Let's take an example: we have a sword, slightly sharpened, but not very sharp. We beat it into a melon and easily cut it in half. There is even no resistance. This is how the geometry of the blade works when meets the structure of the melon. But with such a blade we will not cut the paper across or shave. These things will be too delicate for the sword edge! The structure of the thin paper is strong, completely different from the fruit. A plastic bottle has a smooth surface so only a very thin, sharp edge will enter it on impact.
Because slicing and hitting are two different things. Cutting is a sliding movement along the edge, but we hit point-wise. In fact, most sword cuts are more like blows! The contact point is very small there, there are enormous forces at the point of contact. Depending on the moment in the fight, these are cuts, hits, parrying and thrusts. Not a controlled pulling on the edge of the sheet of paper, though sometimes it also happens when there is an opportunity.
However, as we know, even a piece of paper or cardboard can cut well through our skin if we pull it quickly. Although the paper is not steel, it just has a thin edge. Anything with a thin and long edge can cut, e.g. a piano string or even a hair.
This is exactly how important the structure of the object we are cutting is. We will cut the pancake with a blunt plastic knife, but we will not cut the paper with something like that.
This is why such a tests in relation to the sword is not reliable. A sword may be sharp enough to be effective in combat and perform its function, but at the same time it may not cut through the paper. Maybe that's why scissors were invented 3000 years ago?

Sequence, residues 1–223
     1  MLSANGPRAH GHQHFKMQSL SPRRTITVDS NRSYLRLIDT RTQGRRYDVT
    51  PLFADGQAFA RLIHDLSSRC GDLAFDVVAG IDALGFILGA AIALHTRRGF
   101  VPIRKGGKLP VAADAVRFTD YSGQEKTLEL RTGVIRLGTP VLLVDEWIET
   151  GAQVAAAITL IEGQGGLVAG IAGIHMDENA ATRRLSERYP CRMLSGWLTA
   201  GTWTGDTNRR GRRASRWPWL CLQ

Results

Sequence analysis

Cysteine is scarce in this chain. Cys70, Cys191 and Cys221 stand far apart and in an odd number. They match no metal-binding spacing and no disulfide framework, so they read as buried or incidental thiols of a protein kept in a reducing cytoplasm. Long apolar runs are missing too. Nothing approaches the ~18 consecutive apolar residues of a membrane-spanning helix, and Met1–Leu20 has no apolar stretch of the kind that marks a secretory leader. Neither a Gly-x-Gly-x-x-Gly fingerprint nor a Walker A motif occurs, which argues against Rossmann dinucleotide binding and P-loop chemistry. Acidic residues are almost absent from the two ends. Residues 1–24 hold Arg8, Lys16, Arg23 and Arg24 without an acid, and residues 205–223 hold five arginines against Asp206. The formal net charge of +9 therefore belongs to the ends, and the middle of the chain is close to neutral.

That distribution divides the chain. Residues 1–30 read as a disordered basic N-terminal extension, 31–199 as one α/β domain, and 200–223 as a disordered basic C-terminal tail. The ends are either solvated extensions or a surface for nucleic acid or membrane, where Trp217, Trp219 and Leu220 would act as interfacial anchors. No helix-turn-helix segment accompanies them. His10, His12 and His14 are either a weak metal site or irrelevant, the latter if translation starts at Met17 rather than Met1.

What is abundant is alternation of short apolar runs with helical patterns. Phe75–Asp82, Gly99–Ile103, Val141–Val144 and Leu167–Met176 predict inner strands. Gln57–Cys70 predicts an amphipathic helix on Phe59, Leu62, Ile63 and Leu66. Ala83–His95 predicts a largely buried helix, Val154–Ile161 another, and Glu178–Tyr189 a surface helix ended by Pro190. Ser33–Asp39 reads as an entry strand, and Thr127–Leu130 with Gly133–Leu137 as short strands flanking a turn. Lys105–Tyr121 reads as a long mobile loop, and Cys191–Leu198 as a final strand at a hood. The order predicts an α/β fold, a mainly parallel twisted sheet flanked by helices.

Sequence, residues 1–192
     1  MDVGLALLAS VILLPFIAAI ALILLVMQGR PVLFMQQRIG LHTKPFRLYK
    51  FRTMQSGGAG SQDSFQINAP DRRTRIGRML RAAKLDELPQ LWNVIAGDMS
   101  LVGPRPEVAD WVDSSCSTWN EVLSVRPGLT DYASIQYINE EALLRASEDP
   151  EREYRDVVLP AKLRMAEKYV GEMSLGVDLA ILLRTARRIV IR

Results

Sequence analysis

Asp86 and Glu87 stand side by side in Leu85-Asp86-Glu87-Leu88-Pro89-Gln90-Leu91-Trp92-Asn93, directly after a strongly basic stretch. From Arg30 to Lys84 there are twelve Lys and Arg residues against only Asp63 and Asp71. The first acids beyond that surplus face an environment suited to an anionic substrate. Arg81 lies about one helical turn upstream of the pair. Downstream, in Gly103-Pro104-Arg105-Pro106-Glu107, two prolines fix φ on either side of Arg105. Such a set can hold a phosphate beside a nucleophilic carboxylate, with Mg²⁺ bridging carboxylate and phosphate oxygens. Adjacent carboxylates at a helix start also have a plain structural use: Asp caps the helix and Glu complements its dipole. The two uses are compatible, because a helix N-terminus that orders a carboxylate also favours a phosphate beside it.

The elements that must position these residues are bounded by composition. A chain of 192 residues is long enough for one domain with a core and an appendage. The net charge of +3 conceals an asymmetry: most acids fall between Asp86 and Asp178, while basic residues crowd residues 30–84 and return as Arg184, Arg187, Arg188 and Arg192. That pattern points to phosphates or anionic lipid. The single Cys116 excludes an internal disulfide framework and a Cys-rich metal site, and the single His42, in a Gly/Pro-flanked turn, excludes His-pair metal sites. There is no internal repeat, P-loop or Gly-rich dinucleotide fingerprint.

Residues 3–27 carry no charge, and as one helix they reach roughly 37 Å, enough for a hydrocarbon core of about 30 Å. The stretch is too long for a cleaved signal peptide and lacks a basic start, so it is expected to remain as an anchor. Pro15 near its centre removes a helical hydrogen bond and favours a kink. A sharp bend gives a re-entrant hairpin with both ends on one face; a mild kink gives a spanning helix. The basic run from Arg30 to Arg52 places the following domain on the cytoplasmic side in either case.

What exactly is the degree of sharpness and does it matter for the quality of the sword? Of course, the degree of sharpness is important for a tool such as a razor, because it is related to its function. This is also important in the case of a kitchen knife, which is also related to the function. These tools just have to be very sharp to work. Well, it's about what a given tool is for, then the blade cross-section and the sharpening angle are designed differently. Some tools and knives, for example, are sharpened only on one side. The swords were sharpened on both sides.
The edge sharpening angle depends primarily on the variable geometry of the blade, type and cross-sections. You should sharpen the edges, not the whole flats, of course. This is also a hint that shows the geometry of the edge.
The extent to which we can sharpen the edge of the steel is also related to the quality of the steel, its composition, hardening and the general characteristics of the material in the final stage of the making process.
So it will always be a compromise, because the harder the material, the more we can sharpen it and it will keep that sharpness longer. However, it will be more fragile, e.g. on impact. The sword has a long blade that is susceptible to vibration and shock. Therefore, it cannot be fragile but hard, flexible and durable. This is a compromise between hardness and flexibility that we find in good swords.
However, the file, as a tool, does not have to have a sharp edge, so it can be very hard and fragile. Also small chisels, e.g. for engraving, are very hard and sharp, but they are only used with a short, controlled movement for artistic work.
REFERENCE TO JAPANESE SWORDS
The characteristic and specific cross-section of the sword's blade in various types, reflects also the functions of the sword. Let's look at Japanese swords for a momment. The cross-section of the katana it clearly has two planes: the plane of the blade angle and the plane of the flate, the upper zone.